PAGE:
Legislators urge more open UConn budget process
A day after the University of Connecticut’s Board of Trustees adopted a $1.3 billion budget after discussing it privately for 90 minutes but not in public, the Democratic and Republican leaders of the legislature’s higher education committee urged greater transparency in the public university’s budget process.
“I would hope that is something that they would make more public,” said Sen. Danté Bartolomeo, D-Meriden, the co-chairwoman of the legislative committee that oversees higher education. “It’s about transparency when so much money is involved.”
“We are talking about more than a billion dollars in taxpayer money, and these budget decisions are being made in private? The public deserves better,” said Sen. Michael McLachlan, R-Danbury, the ranking GOP member of the legislature’s Government Administration and Elections Committee. “I will continue to push UConn to be more transparent…The more sunlight, the better. I look forward to crafting legislation next year which will accomplish that goal.”
The UConn trustees’ Financial Affairs Committee also met for 5½ hours in private last month to craft the budget, which increases spending by nearly 9 percent.
“Allowing for input from the public is essential,” said Bartolomeo. “We as a legilslature spend months listening to stakeholders, including UConn, before we adopt a budget.
“I think that giving no opportunity for input is absolutely wrong,” she said. “Even as the chair [of the higher education committee], I have not seen anything from them.”
The university’s proposed budget was released to the public for the first time last Friday, four days before the trustees would vote on it, but UConn officials said Wednesday that they were justified in discussing the budget behind closed doors because it is a draft until it’s ready to be adopted.
It’s always been done this way, UConn President Susan Herbst told reporters after the meeting.
“The budget is a draft until the Board acts on it,” said Richard F. Orr, the school’s general counsel. “UConn made the determination that the public interest in withholding outweighs the public interest in disclosure.”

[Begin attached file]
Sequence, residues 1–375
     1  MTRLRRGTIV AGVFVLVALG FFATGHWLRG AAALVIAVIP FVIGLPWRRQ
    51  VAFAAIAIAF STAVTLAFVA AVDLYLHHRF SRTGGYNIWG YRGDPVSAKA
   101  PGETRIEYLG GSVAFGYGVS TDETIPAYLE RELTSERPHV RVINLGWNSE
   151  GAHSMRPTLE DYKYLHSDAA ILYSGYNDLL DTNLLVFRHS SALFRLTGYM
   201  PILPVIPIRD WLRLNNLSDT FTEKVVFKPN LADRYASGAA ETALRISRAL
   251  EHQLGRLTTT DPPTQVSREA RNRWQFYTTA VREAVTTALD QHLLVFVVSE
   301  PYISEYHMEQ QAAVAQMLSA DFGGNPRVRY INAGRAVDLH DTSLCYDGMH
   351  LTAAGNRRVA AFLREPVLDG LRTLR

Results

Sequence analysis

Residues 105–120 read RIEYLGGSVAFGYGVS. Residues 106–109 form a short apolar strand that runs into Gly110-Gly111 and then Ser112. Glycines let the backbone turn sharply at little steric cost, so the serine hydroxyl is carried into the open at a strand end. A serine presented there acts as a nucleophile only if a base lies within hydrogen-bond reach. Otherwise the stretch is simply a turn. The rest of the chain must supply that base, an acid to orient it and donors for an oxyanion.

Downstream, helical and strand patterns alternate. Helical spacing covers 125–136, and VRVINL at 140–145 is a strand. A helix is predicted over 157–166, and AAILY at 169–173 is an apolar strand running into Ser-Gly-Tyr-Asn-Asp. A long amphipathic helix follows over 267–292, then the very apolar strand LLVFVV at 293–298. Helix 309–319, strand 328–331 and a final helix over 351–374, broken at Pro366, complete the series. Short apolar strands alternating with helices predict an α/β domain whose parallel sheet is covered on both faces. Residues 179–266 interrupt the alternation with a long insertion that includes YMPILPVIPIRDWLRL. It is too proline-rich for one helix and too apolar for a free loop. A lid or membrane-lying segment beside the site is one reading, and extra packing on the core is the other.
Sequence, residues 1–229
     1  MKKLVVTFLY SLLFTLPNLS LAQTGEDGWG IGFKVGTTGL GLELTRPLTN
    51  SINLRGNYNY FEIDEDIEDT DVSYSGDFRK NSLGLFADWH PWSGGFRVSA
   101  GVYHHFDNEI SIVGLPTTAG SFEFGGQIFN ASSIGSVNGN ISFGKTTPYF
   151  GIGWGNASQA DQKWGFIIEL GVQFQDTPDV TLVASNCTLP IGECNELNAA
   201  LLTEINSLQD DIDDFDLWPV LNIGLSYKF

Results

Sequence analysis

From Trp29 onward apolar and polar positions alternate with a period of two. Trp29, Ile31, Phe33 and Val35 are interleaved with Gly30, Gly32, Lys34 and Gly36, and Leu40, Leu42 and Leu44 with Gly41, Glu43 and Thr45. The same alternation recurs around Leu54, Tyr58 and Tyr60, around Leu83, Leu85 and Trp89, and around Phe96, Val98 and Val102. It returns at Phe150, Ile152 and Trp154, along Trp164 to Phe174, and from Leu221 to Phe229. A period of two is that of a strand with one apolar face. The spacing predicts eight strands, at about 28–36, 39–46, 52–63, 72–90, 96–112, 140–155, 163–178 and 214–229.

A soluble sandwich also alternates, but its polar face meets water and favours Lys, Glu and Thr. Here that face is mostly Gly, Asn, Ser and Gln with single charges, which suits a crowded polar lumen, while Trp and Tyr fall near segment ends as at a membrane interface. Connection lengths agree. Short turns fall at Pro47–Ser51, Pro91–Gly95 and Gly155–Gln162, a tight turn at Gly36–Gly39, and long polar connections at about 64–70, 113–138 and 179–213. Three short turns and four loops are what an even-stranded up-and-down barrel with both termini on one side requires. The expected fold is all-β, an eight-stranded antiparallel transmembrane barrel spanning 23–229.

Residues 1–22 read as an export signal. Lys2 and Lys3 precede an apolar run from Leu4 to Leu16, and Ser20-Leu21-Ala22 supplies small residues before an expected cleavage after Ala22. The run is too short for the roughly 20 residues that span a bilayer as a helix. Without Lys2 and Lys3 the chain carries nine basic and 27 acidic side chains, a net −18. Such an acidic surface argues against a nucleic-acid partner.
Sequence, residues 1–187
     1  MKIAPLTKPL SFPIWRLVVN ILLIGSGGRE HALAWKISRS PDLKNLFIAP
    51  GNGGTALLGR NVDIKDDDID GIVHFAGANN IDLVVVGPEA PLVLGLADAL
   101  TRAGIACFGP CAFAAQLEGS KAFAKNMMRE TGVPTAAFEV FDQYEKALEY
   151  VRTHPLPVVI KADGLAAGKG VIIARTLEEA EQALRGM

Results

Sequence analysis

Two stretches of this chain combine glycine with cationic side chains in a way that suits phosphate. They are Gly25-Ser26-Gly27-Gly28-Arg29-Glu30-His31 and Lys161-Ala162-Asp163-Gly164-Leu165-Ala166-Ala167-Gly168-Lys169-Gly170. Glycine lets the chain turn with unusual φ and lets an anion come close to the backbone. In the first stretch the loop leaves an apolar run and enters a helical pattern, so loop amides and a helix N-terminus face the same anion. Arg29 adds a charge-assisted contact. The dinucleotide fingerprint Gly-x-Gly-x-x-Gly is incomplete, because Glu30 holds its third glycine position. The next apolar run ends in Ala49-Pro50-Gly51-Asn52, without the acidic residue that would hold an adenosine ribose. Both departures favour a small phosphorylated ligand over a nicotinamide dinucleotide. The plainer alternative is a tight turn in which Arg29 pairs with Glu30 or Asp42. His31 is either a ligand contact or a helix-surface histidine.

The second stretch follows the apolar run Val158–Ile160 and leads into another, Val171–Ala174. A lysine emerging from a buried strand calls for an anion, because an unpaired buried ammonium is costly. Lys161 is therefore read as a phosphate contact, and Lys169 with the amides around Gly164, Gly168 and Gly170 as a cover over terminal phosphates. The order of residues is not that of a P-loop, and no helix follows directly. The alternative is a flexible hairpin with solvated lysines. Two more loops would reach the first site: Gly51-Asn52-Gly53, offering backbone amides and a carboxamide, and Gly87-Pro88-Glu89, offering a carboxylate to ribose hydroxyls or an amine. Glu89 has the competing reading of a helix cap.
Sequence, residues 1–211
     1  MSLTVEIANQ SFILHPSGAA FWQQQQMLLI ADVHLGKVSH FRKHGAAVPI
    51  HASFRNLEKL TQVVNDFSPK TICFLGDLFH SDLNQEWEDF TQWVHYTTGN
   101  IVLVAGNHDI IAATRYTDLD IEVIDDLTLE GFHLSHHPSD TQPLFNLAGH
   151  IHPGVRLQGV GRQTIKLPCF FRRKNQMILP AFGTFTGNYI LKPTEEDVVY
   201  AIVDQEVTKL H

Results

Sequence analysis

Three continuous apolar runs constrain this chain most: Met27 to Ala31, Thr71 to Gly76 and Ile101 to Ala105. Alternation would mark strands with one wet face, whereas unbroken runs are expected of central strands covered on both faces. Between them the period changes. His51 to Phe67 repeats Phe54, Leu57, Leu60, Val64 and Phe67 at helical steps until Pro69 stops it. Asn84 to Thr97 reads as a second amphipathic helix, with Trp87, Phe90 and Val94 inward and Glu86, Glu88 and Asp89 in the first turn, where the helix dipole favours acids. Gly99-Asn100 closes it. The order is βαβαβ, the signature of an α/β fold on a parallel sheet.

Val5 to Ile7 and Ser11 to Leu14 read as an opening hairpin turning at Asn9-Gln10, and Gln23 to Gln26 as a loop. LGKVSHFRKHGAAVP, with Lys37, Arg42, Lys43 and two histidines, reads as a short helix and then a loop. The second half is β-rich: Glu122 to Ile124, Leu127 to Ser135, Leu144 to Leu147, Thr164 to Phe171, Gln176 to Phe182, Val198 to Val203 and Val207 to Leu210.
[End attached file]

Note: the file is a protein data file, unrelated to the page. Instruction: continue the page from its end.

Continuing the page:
Rep. Roberta Willis, the House chairwoman of the higher education committee, said there are times when discussions surrounding aspects of the budget need to be private but doing an entire budget privately is not recommended.
“Narrow it down. I think they can have a public conversation about what’s on the table and make it clear that decisions have not been made,” said Willis, D-Salisbury.
The Board of Regents — the governing board for the state’s largest public college system — has met extensively in public to create their budgets. The regents oversee the state’s four regional state universities and a dozen community colleges.
On Thursday, the regents adopted their $1.2 billion budget for next year after a 30-minute discussion and without going into a private executive session.
The Board of Regents “holds public meetings to discuss their budgets, so why doesn’t UConn?” McLachlan asked in a press release.
Sen. Kevin Witkos, R-Canton, said state lawmakers need to consider changing state law so budget meetings are held in public.
“If there is a way we can make the budget process at UConn more open, we should explore it. Certainly the process should allow for public input and discussion, since it directly involves taxpayer dollars,” said Witkos, the minority leader of the legislative committee that oversees higher education.
In a statement, UConn officials said their budget process is transparent.
“UConn’s budget is a public document. It was presented to the Board of Trustees and its financial affairs committee on June 24 in public, voted on during public session, and is publicly available. The budget and hundreds of highly detailed pages of supporting and explanatory documents regarding UConn’s spending plans, revenues, costs, and capital projects were posted online, made available to the public, and shared with the news media on June 19,” reads UConn’s statement.
“The board meeting and all committee meetings were properly noticed. The board’s financial affairs committee, like the full board, is able to move into executive session for reasons defined under state statute and did so appropriately. The financial affairs committee did not make any changes to the budget or these documents during or after its executive session, no votes were taken in executive session, and the budget that was approved was the same budget that was made public several days before the trustees meeting, and is public today. Members of the public are given time to address the Board of Trustees at each board meeting. There was a public comment session at this week’s meeting and no members of the public spoke.”
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